FDA warns of counterfeit home COVID-19 test kits
The U.S. Food and Drug Administration is warning Americans to watch out for phony at-home, over-the-counter COVID-19 tests that look a lot like the real things.
The counterfeit test kits may put you at risk of unknowingly spreading the disease or not seeking appropriate medical treatment, the agency cautions.
The phonies “are made to look like authorized tests so the users will think they are the real, FDA-authorized test,” the FDA said in a statement about the fakes. “The FDA is concerned about the risk of false results when people use these unauthorized tests.”
If you get a false reading that you don’t have the coronavirus, you could inadvertently infect others at home, at work or in medical and long-term care facilities. Also, you might not seek or could discontinue treatment for COVID-19, the agency explained.
Two fakes the FDA knows of are counterfeit Flowflex COVID-19 test kits and iHealth Antigen Rapid Test Kits—you can find more details on how to spot the fakes at the FDA statement. The package and components of the Flowflex imitation could easily mislead consumers looking for the authorized Flowflex test.
Certain red flags might help you spot the counterfeits, according to the FDA. They include:
- Poor print quality of images or text on the outside box label or in the instructions for use included in the box.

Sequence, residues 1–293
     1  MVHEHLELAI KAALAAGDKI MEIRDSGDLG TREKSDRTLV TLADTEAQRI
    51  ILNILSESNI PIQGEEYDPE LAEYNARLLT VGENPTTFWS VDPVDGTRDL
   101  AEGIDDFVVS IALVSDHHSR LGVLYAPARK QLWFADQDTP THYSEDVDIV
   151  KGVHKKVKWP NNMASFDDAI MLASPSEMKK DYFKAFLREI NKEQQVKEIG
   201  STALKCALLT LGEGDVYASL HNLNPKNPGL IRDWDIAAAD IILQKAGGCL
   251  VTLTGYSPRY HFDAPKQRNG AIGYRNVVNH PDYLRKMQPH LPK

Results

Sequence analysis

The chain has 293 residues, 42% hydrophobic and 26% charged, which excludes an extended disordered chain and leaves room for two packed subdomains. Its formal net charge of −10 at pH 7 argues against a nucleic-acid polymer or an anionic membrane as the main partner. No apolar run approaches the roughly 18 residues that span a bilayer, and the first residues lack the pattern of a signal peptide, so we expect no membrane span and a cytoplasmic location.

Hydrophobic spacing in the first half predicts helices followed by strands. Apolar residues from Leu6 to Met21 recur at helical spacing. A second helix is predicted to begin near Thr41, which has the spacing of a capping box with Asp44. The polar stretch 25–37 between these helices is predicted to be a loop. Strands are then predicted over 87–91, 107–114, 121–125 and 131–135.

- Missing information on the outside box label for the product, such as the lot number, expiration date or barcode or QR codes.
- Grammatical or spelling errors in product labeling.
- Kit components that do not match the content description. For example, missing instructions for use, missing or unfilled components, different number of components than listed.
- The tradename for product printed on component or box labels differ from the authorized labeling found on the FDA website.
- The box label or printed instructions for use look different from the authorized labeling found on the FDA website.
The FDA has a list of authorized at-home OTC COVID-19 tests. It is not aware of any counterfeit tests distributed by federal government test distribution programs.
What should you do if you have one?
If you suspect you have a counterfeit test, do not use it. Contact the distributor or store where you bought it to tell them that you have a counterfeit test, and also inform the manufacturer of the authorized test, the agency said.
The manufacturer may ask for additional information such as photos of the packaging to further investigate the issue. After providing any requested information to the distributor and/or manufacturer, follow the manufacturer’s instructions for returning or disposing of the test.
Talk to your health care provider if you think you were tested with a counterfeit test and you have concerns about your results, the FDA advised.
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